Microsoft Teams development: All you need to know
Microsoft Teams is the ultimate messaging app for your organization—a workspace for real-time collaboration, communication, meetings, and file sharing. You can extend your Teams app in multiple ways. To be able to extend your app, it’s helpful to understand all the core capabilities and entry points that work in a collaborative space.
You can learn more and get started with the Microsoft Teams developer documentation.
But, first, Cloud Advocates Bob German and Rabia Williams are here with another video deep diving into the core concepts of Microsoft Teams application development.
Keep reading for an in-depth guide to developing apps for Teams.
Microsoft Teams app capabilities
There are multiple ways to extend Teams. Some apps only have one capability, such as a webhook, while others have more than one feature to give users various options. To display data in a central location, use a tab. To present that same information through a conversational interface, use a bot.
There are more app capabilities than just tabs and bots. Messaging extensions allow users to interact with your web service through buttons and forms in the Microsoft Teams client. They can search or initiate actions in an external system from the compose message area, the command box, or directly from a message.
Apps for Teams meetings can deliver a user experience for each stage of the meeting lifecycle. Meeting lifecycle includes pre-meeting, in-meeting, and post-meeting app experience, depending on the attendee’s status.
Microsoft Teams architecture
Once you understand the various app capabilities, it’s helpful to review the architecture behind Microsoft Teams. This diagram explains it well 😊
Microsoft Teams manifest
A Teams application is a zip file with tree files packaged in it, essentially two icons and a manifest file. Your app can be hosted anywhere, and the Teams manifest file simply describes your application to the Microsoft Teams client.
Teams Application Scopes
There are three scopes with which Teams can use your app.
- Teams – Your app is accessed by all members of a Teams channel.
- Group/Meeting – Your app can be used to show contents for a group of users or in a 1:1 chat.
- Personal – Your app is for personal use or an individual user, i.e. an app to display “My pending tasks for the day” or “My unread emails”
SDKs (Software Development Kits) and APIs (Application Programming Interfaces) used in Teams applications
Adaptive Cards are actionable snippets of content that you can add to a conversation through a bot or messaging extension. Using text, graphics, and buttons, these cards provide rich communication to your audience.
Read more about them Designing Adaptive Cards for your app – Teams | Microsoft Docs
Also, check out https://adaptivecards.io
Packaging and installing Teams apps
Once you have developed an application, you will need to package and install it in Teams.
Developer tools and app generators
There are a few options to create a Teams application from scratch.
Microsoft Teams Toolkit for Visual Studio Code helps developers create and deploy Teams apps with integrated Identity, access to cloud storage, data from Microsoft Graph, and other services in Azure and Microsoft 365 with a “zero-configuration” approach to the developer experience. Check out the toolkit.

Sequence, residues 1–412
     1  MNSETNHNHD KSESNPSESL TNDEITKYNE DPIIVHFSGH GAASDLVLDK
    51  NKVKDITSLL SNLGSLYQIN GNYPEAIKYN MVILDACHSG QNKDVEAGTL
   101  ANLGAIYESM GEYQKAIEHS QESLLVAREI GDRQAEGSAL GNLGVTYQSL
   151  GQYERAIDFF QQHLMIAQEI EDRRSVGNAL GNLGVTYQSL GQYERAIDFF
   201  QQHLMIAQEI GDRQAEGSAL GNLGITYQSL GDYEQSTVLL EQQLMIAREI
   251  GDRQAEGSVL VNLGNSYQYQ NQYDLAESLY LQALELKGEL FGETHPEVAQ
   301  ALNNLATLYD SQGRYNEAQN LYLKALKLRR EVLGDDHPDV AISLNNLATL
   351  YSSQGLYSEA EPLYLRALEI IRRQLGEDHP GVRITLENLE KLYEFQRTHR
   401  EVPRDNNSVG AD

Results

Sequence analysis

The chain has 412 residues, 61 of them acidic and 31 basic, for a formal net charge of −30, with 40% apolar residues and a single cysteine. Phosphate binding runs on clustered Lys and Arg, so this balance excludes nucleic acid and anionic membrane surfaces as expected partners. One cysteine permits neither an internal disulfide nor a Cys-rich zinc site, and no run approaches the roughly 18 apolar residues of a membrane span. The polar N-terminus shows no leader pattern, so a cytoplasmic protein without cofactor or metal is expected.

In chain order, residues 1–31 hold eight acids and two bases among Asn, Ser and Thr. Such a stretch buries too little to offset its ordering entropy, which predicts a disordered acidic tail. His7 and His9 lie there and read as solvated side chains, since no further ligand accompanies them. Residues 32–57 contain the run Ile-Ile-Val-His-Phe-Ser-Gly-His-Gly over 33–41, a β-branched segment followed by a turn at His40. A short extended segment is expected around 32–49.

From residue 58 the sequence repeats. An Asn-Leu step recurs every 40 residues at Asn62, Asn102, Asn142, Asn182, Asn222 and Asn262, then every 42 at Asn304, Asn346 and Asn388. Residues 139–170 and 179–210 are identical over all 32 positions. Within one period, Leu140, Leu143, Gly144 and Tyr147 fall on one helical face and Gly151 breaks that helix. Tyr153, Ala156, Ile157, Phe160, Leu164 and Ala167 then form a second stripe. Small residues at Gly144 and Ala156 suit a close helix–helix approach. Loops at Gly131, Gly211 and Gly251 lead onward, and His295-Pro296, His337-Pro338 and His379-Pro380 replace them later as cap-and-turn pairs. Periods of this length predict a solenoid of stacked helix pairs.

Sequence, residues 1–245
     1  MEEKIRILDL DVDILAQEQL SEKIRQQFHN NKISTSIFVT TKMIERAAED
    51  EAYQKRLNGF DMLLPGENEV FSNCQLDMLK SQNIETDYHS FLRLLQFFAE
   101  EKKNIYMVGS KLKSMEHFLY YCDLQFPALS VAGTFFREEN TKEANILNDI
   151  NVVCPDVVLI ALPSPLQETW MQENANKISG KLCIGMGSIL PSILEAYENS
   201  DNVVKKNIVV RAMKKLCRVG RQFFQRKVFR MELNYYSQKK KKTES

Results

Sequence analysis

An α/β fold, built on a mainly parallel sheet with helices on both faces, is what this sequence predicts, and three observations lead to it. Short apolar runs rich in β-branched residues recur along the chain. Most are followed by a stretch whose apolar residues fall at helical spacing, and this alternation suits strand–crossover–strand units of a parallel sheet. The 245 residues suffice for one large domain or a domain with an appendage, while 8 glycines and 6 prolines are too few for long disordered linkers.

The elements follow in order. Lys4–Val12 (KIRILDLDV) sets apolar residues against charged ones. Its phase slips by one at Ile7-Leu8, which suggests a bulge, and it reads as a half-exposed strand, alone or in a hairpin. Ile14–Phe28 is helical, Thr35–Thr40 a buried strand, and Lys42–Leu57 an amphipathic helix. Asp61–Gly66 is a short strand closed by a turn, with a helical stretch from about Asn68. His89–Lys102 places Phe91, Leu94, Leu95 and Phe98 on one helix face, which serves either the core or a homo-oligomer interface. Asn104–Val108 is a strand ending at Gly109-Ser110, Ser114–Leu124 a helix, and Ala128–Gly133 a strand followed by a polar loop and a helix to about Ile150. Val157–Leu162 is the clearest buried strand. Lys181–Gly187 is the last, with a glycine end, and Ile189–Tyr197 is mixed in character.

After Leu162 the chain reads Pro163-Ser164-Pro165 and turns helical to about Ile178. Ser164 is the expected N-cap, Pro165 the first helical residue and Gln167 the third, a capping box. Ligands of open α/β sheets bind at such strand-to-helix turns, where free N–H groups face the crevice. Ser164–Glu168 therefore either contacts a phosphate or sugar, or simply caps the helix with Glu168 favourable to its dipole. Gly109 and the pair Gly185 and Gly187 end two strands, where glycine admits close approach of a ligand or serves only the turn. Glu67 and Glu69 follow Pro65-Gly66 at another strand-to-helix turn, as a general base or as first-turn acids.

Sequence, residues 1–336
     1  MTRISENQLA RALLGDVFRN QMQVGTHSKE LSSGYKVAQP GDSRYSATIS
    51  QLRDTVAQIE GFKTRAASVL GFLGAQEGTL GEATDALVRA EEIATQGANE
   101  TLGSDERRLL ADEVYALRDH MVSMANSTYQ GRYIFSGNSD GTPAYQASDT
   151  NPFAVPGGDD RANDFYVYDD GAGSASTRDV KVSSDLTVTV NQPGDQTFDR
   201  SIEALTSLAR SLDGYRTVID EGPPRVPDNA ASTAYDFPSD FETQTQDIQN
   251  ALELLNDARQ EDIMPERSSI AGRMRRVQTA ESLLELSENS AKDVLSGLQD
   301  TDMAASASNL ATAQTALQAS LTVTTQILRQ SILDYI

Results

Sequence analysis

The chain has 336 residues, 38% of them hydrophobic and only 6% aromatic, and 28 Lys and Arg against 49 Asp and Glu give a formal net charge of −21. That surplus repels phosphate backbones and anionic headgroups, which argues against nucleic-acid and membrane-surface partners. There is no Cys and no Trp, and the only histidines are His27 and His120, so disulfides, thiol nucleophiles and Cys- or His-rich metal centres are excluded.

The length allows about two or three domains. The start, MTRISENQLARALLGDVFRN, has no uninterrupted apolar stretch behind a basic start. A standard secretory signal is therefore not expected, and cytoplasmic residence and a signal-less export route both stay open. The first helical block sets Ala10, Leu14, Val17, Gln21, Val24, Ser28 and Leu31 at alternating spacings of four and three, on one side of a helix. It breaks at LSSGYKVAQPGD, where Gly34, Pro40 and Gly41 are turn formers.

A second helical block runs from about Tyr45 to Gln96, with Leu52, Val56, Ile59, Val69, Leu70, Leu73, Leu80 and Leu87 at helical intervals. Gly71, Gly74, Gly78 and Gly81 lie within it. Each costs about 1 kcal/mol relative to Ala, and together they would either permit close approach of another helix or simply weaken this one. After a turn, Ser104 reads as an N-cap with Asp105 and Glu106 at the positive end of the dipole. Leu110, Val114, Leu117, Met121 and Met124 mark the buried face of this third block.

There is also an open source, community-built generator based on Yeoman called Yo Teams. Yo Teams allows you to build Microsoft Teams applications based on TypeScript and node.js on your terms, in your editor of choice, without any external or online dependencies.
Leverage what you’ve already built
You don’t have to start your app from scratch if you have already built one.
- If you have a web page or SPA, it can be a tab
- If you have a webhook, it can be a connector
- If you have a web service, it can be a bot or messaging extension
If you want to just build a bot, you can check out Bot builder generator which is another yeoman-based generator to build bots.
Where is the data stored?
Look at this cheat sheet to see where the Microsoft 365 data in your Teams client gets stored.
If you want to retrieve Microsoft 365 data, use the Microsoft Graph API. And, if you have your own application data, it will remain wherever you have chosen to store it.
Samples used in the video
Here are the sample we showed in the video
Cheat sheet for Teams development
|To build||What you need to know||Where to start|
|Tabs Task modules Configuration pages||SPA development
|Any framework is fine, react is easiest|
|Bots Messaging extensions||Azure Bot Framework, Bot Builder SDKAdaptive Cards||https://dev.botframework.com/|
|Bots||LUIS QnA MakerBot Framework Composer||https://aka.ms/LUIS-Overview https://www.qnamaker.aihttps://aka.ms/BotFwkComposer|
|Access Microsoft 365 content and services||Microsoft Graph API Microsoft Graph SDK Microsoft Graph Toolkit Azure Active Directory||https://aka.ms/graph-docs https://aka.ms/Graph-SDK https://aka.ms/learn-graph-toolkit https://aka.ms/AzureAD|
|Advanced scenarios||Meeting apps
Azure Communication Services
About our community
Don’t think you are alone in this. We have a huge community at PnP | Microsoft 365 to help out with your journey in Teams app development.
To keep your finger on the pulse on all things new in Microsoft Teams, go to https://aka.ms/whatsupteams
We can’t wait to see what you build for Teams! Happy coding!